There were comparisons made later to Sex and the City, and I fail to find the similarities there. These [Golden Girls] women had solid, real relationships; Sex and the City and Designing Women were something else. As crazy as those women could be on Golden Girls — Rose with her stories and Sophia with her mouth — it was more grounded in reality than those other shows, which I thought conformed more to the situation-comedy formula.
Though much like SATC, The Golden Girls featured very memorable fashion.
Oh my God. [Covers her face] Oh my God. Bea — those outfits. They were horrible! Did I ask to have any of the wardrobe myself? No. But listen, that was one of the last things I could pay attention to, what they looked like. It was more of “Okay, fine, whatever.”
The Girls’ active sex lives sometimes raised red flags for NBC censors, but Harris recalls winning most of the battles.
Listen, it was so successful, we had a lot of leverage.… Paul and Tony said, “We’ll do the notes [meetings] with the network — go home and write.” Because I just had no patience with them. It was always somebody from corporate giving his opinion of what should happen, and I really had no use for it.
Way after [Golden Girls], I had a show called The Secret Lives of Men. The network [representative] came down to give notes, and I said, “I refuse to take notes from somebody I drove in the car pool.” And it was true! She had gone to school [with my kids], and I drove the car pool. I said, “I’m not taking notes from her.”
The Golden Girls spent six seasons in the top 10, then dropped to No. 30 in its seventh and final year. When Arthur chose not to renew for an eighth season, Harris & Co. tried to keep a version of the show going with a spin-off — The Golden Palace, in which Rose, Blanche, and Sophia ran a Miami hotel — but it was canceled after one season. (“It just didn’t work,” says Harris.) Girls did spawn one successful spin-off: Empty Nest, starring Soap’s Richard Mulligan as a widower living with his two adult daughters, which ran for seven seasons on NBC. Though TV is now flush with ’80s and ’90s reboots and revivals — Murphy Brown, Will & Grace, Charmed, Designing Women, ALF, and The Facts of Life are all airing or in the works — Harris isn’t interested in revisiting any of her old shows (or creating new ones).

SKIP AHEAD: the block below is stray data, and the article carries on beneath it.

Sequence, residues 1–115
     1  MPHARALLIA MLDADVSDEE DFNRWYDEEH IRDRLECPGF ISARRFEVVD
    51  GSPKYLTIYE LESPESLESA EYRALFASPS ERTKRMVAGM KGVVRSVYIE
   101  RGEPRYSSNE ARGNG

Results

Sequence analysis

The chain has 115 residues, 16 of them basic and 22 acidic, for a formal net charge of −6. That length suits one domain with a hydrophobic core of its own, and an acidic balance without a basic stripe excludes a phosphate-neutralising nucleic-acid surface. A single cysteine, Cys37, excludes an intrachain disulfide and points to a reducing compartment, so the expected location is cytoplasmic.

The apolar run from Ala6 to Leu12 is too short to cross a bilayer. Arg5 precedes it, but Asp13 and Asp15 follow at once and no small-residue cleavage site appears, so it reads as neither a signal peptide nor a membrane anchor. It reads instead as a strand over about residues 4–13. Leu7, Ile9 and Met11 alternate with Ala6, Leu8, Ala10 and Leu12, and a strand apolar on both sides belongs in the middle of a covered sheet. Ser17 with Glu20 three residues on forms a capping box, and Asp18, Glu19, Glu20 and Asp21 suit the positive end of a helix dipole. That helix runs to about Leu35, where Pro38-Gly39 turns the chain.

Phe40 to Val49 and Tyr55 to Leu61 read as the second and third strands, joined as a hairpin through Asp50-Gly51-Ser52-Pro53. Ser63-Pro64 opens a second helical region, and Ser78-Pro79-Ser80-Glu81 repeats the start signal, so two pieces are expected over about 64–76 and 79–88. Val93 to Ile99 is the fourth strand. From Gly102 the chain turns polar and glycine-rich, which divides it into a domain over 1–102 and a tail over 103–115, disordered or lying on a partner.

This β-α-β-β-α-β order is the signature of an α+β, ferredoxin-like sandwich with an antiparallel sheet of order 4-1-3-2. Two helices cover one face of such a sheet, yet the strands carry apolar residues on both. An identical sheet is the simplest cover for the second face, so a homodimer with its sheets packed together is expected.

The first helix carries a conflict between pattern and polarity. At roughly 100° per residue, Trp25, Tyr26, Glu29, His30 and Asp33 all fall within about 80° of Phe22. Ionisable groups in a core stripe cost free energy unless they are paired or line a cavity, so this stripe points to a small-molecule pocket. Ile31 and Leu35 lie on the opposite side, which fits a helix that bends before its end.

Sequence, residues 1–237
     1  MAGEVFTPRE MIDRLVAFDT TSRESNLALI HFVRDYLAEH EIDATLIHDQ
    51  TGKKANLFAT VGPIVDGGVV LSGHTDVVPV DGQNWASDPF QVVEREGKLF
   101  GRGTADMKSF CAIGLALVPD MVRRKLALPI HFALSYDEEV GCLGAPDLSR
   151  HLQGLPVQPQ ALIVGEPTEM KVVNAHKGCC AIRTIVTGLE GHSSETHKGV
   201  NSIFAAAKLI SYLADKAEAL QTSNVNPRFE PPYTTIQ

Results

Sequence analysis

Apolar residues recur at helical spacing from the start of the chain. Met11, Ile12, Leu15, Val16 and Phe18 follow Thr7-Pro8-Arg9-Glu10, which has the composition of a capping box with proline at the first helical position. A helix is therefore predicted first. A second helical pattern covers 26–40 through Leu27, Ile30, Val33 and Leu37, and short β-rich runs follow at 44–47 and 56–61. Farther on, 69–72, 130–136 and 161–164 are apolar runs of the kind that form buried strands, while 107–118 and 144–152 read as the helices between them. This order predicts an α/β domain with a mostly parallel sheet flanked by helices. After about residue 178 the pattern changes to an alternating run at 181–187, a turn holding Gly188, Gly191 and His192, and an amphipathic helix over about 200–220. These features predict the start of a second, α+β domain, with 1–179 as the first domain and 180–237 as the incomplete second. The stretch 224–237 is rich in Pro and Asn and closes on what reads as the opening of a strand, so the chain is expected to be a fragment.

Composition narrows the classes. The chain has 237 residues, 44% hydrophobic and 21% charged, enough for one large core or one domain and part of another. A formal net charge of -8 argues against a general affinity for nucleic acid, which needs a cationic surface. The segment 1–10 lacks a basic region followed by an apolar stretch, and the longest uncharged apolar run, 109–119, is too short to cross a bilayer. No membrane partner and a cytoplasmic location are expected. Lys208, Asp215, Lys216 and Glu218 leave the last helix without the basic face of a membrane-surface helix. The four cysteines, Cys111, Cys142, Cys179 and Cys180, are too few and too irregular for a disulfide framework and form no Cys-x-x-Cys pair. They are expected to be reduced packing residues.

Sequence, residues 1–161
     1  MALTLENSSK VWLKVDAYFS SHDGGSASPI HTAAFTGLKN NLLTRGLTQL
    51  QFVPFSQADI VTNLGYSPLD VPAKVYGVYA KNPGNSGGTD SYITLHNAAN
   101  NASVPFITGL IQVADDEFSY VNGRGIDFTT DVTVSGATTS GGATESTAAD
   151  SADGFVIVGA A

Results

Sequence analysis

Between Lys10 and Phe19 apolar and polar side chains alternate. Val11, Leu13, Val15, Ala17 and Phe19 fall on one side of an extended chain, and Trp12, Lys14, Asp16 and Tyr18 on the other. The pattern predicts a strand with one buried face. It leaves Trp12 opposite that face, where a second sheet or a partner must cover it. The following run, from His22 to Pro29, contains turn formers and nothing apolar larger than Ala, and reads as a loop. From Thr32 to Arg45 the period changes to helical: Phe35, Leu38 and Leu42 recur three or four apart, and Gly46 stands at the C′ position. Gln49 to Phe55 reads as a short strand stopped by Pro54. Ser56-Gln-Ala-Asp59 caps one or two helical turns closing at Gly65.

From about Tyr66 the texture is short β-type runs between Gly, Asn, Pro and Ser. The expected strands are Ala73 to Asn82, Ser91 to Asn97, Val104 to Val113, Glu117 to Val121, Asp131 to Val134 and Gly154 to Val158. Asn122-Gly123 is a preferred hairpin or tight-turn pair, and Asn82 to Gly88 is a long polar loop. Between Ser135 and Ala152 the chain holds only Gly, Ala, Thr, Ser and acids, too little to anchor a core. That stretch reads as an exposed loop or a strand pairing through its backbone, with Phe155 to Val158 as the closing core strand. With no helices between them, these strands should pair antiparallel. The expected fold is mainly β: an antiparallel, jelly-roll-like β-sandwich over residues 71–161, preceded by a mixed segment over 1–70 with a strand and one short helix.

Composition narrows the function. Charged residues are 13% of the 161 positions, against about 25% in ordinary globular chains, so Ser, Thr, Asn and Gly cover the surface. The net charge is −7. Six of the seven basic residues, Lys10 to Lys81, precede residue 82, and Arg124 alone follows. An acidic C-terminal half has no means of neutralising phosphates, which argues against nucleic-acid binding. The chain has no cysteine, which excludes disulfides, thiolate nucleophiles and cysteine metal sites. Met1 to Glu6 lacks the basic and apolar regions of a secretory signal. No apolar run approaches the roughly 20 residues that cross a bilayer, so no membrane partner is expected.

No. No. Uh-uh. Listen, they wanted us to do a Golden Girls musical and I said no. Golden Girls was what Golden Girls was — it was those women, and let’s leave it alone. It was iconic. Even if I were much younger, I wouldn’t do it. And I don’t have any ideas for television shows or anything like that. I am fine not writing or even thinking about it. I really am.
WHAT SHE’S WATCHING
Today, Harris isn’t a big fan of network TV, but she’s making her way through a running list of dramas, including Hulu’s The Looming Tower, PBS’ Poldark, and HBO’s Succession. As for comedies…
I’m not an easy laugher. I’ve never found any comedies that I really like. I’m a dark soul. [Arrested Development creator] Mitch [Hurwitz] worked with us [on Golden Girls]. I think I watched [Arrested] once in the very beginning. It just wasn’t my cup of tea. And then somebody told me I should watch [The Marvelous] Mrs. Maisel, and I don’t even know if I got through one episode — I didn’t like it.
As our conversation winds down, I inform Harris that it’s quite possible she’ll be referred to as a pioneer in this article. Does she feel like a pioneer?
How do you define pioneer? Did I break some ground? Yeah. I don’t know that I would ever use the word pioneer because I think of covered wagons when you say it. But if you want to use it, go ahead.
The Golden Girls is currently streaming on Hulu.
and it currently reruns daily on Antenna TV.